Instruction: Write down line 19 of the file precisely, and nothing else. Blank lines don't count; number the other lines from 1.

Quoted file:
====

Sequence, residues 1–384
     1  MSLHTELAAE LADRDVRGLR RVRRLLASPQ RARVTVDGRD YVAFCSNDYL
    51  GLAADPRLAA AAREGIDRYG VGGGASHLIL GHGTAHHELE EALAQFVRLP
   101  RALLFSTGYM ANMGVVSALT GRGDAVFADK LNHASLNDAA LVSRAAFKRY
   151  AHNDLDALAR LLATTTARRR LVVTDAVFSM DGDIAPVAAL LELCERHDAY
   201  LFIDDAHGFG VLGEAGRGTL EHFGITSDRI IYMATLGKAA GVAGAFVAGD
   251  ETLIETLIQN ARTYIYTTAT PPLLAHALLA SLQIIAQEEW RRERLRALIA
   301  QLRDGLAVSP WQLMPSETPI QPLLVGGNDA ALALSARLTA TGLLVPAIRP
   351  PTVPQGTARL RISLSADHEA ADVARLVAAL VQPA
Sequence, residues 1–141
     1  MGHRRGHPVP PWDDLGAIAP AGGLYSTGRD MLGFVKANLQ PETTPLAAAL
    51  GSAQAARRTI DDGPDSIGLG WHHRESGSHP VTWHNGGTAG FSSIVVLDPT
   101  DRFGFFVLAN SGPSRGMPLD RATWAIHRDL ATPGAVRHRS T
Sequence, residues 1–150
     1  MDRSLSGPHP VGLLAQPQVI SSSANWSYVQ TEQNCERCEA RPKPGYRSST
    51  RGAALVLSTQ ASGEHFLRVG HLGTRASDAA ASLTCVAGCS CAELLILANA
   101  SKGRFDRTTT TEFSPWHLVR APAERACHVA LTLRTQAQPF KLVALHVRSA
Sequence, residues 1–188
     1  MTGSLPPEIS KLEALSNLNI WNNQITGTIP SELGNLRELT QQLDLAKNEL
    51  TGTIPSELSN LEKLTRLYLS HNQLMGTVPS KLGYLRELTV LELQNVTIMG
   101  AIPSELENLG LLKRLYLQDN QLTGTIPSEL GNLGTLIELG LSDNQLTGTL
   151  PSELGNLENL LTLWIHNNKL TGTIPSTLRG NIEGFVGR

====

     1  MTGSLPPEIS KLEALSNLNI WNNQITGTIP SELGNLRELT QQLDLAKNEL